Hey there, this section is part of our Core Content, which means we ask that you sign up and take our quiz before reading it (or log in if you've already created an account). But don't worry, signing up is free and easy, so what are you waiting for?!
What is a portfolio
Your portfolio is just a fancy way of describing all of your investments combined.
So if you have some investments in a 401(k), some in an IRA, and some in a brokerage account, all of these would be considered part of your portfolio. Or if you don’t have any of these, that’s alright too! There’s no time like the present to get started.
You may also be wondering how your cash accounts (checking accounts, savings accounts, money market accounts) fit in. While we usually don’t refer to cash as an “investment” like stocks and bonds, it certainly is an asset, so we’re going to include it.
Keep it simple to start
To understand how portfolios work, it’s helpful to start with a very simple portfolio – one made up of only two asset classes: stocks and bonds.
Actually, this isn’t a huge stretch of the imagination. For a lot of us, our portfolios will be made up mostly of stocks and bonds. But we’ll get to some slightly more nuanced scenarios shortly (so be patient!).
As we discussed in Investing Risk, stocks and bonds each have their benefits and drawbacks.
Stocks tend to offer higher returns over time and do a better job of protecting your money against inflation (which is good). But they also carry more market risk, meaning they fluctuate in price more (which is not so good).
Bonds are basically the reverse. They generally have lower market risk (good), but tend to offer lower returns and are more at risk of inflation (not so good).
So by combining the two in a portfolio, we can utilize their benefits, while managing their drawbacks. Essentially, stocks can be used to grow your money for the long term, and bonds (and cash) can be used for stability and to meet nearer-term money needs.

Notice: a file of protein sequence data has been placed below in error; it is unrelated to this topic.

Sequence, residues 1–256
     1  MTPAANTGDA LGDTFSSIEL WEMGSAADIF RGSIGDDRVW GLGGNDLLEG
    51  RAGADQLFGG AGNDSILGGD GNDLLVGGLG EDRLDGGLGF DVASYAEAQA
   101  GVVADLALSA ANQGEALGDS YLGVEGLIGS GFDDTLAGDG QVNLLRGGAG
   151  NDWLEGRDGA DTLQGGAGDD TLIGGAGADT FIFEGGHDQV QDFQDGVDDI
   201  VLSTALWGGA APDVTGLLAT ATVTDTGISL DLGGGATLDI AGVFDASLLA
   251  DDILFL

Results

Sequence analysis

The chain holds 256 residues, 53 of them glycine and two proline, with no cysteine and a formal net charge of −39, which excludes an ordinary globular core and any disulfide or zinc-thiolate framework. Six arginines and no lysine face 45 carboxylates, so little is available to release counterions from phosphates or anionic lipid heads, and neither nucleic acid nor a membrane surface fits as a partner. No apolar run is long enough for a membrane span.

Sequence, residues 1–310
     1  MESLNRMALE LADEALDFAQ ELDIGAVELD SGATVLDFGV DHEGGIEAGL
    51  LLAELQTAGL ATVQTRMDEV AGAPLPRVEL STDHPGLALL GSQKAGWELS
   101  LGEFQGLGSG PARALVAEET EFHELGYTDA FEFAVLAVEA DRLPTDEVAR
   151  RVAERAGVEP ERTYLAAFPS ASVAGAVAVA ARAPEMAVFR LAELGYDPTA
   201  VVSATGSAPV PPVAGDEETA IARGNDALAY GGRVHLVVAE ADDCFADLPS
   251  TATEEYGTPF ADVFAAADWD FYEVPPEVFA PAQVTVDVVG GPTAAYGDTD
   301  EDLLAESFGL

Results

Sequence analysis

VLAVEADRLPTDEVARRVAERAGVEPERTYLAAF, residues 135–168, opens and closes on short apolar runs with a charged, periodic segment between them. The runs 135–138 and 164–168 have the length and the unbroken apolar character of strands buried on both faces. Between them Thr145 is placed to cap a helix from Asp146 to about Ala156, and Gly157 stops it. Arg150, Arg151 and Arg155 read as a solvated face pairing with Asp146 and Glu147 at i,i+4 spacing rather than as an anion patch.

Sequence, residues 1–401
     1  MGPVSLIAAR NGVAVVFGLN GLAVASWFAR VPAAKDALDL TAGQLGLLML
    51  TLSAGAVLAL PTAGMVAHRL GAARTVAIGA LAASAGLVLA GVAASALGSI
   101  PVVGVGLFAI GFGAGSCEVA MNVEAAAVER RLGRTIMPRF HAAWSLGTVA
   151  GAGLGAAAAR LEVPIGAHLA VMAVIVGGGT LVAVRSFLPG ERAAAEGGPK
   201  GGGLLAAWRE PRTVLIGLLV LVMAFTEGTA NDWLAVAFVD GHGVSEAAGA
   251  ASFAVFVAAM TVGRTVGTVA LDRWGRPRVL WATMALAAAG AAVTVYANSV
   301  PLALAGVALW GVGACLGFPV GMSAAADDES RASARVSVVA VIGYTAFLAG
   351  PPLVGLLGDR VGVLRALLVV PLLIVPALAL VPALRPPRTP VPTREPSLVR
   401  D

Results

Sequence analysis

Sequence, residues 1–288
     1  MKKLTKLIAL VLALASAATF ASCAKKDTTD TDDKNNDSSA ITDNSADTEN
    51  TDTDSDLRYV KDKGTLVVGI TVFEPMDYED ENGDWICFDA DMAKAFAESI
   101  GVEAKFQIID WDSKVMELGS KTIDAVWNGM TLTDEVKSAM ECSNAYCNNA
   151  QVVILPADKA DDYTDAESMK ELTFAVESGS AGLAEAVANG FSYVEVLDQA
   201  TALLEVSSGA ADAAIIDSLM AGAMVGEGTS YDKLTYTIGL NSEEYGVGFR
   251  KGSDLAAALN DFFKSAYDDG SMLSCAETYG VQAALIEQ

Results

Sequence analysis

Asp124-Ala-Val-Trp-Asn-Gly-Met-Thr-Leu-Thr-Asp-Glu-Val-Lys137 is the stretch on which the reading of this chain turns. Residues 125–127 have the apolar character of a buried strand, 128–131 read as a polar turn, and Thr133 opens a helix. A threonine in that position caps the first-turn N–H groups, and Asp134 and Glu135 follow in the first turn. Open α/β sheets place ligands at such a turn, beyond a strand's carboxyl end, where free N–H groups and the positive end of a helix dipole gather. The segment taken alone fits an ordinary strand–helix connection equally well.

How do you choose the right mix of each?
This is where your asset allocation comes in (one of those terms that sounds complicated but really isn’t). It actually just means the mixture of your investments.
For example, if half of your portfolio is invested in stocks, you would say your stock allocation is 50%.
Alright, so how much should you allocate to each asset class?
Well, if we’re just talking about investing in stocks and bonds, you might be tempted to put half of your money in stocks and the other half in bonds. In fact, this has a name in the world of behavioral finance: naive diversification. And research actually shows that people have a tendency to do this in real life. When given several investment options, we tend to just split our money evenly across all of them.
But, as you can probably guess from the name (is naive ever a good thing?), this really isn’t a great approach since it doesn’t take into account anything specific about your situation or about the nature of the investments themselves.
So what should you actually do?
The 100 minus your age rule
One of the main factors you’ll want to consider is your investment horizon, meaning how long you’ll be investing your money.
If you’re young and have several decades of investing ahead, you can typically handle more market risk and hold a higher proportion of stocks. You’ll be able to take advantage of their higher returns, and if stocks do take a nose dive, you’ll have more time to recover. Then as you get older and closer to retirement, you’ll want to shift more of your portfolio to bonds because of the stability they offer.